User initiated errors are most likely to occur where forms and/or input fields are involved. An element may not be working, or it could be that the design causes users to interact in such a way as to stall their smooth passage through the process.
An example of this might be an incorrect postcode in a look-up field (as seen below). These errors can be quite common, and something as simple as the inclusion or exclusion of a space in a postcode can cause issues e.g. W11 8QT versus W118QT.
Much is written about optimising form conversion such that it’s practically a science of its own, so there’s little point in my adding to that, instead in this blog post, I’ll explain how Google Analytics can be used to track errors that happen all across a site where a form field or any user initiated input function causes an error to happen.
The answer = good old Event Tracking
Sometimes it seems Event Tracking is the answer to life, the universe and everything; with a few exceptions it’s almost all you could want it to be in terms of tracking on-site interactions.
In this scenario it can be used to track instances where a form or a page carrying input fields has been submitted but an error occurred. Other kinds of tracking used to gather this insight include: usability studies (blunt tool), conversion funnel (even duller), heat mapping (hardly worth bothering with).
For precision tracking and insight, you need to know exactly what fields reported an error and, ideally, why.
Event Tracking uses five parameters:
It’s the first three that primarily interests us. But before saying any more about them, it might help to look at their output in its natural habitat.
The image above shows the three main variables in the Event Tracking overview report, you can get to this by navigating to ‘Behaviour > Events > Overview’.
By default you are presented with data from the ‘Category’ variable, when you drill down to the next level you will see data from the ‘Action’ variable and then from there the ‘Label’ variable.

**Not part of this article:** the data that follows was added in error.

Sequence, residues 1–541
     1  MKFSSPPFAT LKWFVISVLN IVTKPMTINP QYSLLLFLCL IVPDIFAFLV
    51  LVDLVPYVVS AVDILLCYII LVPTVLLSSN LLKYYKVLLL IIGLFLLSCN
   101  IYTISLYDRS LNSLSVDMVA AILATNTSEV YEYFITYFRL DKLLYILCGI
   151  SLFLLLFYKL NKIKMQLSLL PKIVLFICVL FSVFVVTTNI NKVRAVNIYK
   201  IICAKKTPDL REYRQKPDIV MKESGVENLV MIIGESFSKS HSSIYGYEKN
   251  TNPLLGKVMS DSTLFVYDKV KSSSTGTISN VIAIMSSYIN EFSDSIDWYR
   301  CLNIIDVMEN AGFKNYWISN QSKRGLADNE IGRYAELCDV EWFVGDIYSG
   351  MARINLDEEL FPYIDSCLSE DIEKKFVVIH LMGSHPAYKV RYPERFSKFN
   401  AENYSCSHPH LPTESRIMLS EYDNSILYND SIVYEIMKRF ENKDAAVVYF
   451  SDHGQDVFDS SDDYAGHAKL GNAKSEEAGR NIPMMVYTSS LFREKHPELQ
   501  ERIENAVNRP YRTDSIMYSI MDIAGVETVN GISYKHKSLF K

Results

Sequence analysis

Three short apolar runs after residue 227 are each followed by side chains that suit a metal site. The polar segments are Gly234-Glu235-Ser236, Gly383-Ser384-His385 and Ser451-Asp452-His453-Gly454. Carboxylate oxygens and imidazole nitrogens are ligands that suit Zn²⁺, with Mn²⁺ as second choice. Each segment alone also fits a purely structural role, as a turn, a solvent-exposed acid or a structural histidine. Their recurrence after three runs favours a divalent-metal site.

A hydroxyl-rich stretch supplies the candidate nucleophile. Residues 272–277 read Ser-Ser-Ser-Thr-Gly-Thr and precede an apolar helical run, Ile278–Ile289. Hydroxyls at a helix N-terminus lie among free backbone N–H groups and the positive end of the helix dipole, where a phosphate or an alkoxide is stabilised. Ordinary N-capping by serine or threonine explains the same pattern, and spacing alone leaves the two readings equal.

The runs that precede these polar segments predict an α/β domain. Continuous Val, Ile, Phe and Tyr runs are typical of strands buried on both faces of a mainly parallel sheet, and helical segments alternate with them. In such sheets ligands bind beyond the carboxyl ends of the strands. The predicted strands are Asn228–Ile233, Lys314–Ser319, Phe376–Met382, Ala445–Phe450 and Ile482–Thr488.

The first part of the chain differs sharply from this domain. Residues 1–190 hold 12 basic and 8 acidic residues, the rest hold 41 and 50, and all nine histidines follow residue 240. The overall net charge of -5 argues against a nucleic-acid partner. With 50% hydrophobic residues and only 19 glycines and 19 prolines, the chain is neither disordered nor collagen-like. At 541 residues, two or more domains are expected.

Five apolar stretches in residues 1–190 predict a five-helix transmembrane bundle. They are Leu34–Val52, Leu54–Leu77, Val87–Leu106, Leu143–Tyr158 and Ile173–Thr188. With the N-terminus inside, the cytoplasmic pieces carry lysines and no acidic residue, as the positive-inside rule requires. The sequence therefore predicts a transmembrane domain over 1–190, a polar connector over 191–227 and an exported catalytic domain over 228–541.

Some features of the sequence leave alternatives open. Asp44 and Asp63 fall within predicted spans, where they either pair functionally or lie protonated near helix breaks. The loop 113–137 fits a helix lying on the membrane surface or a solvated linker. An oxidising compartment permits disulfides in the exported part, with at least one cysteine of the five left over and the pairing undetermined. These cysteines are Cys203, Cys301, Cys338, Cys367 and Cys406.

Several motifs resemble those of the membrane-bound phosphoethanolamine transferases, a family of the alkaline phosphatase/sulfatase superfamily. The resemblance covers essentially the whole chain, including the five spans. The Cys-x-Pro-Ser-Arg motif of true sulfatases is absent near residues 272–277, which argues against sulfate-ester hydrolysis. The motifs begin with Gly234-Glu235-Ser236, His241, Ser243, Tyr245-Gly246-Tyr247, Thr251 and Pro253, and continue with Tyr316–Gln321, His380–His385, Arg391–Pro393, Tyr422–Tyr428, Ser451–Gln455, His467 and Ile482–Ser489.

The point here is that you start with the outer layer and work your way in until you get the insight that you’re looking for. This also forms the basis of how you need to configure Event Tracking to
record error data.
Because you will be using these three variables and because there may be many forms / form fields littered throughout a website, it helps to make sure that the output is collected in a way that
facilitates easy interrogation. For this you need an effective naming convention that brings these variables together in a way that makes sense.
One suggestion would be as follows:
- Category = “error states” (this never changes and represents the holding container so to speak)
- Action = page on which the error occurred – this should be automatically populated according to the page URI
- Label = the error field in question – this also should be populated according to the error field in question
By doing this, when you come to view the data in GA, you will easily be able to find the dataset you want by simply searching for “error states” in the Category report within Event Tracking, and then drilling down from there.
Of course in this instance you will not know what error actually occurred. The great thing about these variables is that you can populate them with almost anything, so in a pinch you could input another layer of information by adding two sets of data to a single variable.
For example, you could populate the ‘Label’ variable not only with the name of the field in which the error state occurred, but also the nature of the error state as reported in the subsequent error message displayed to the user on the page.
Alternatively you could group page and field together in the Action variable and use the Label variable to simply show the error message. That might be a nicer way to get a quick view of which error messages are occurring most frequently.
Whichever way the naming convention is set up, the output should allow the analyst to know the nature of the error that occurred, the field to which it is attributed and the page on which is happened.
Finally, you will also need to add some onclick tracking code to the element(s) you want to track so that GA can spot them.
In general terms, an event is tracked like this:
_gaq.push([‘_trackEvent’, ‘category’, ‘action’, ‘label’]);
This code is added to the element you want to track.
For those who want to really wallow in the technicality of configuring Event Tracking, you will find the appropriate Google Analytics help file at the Google Developers website.
Applying this method to track user generated error states is not only more precise but it also carries the added advantage, over other methods, of being far more suitable for analysis given that the data is of course all collated in the standard Google Analytics UI and as such can be subject to the same filtering and segmentation as you would normally find and use in GA.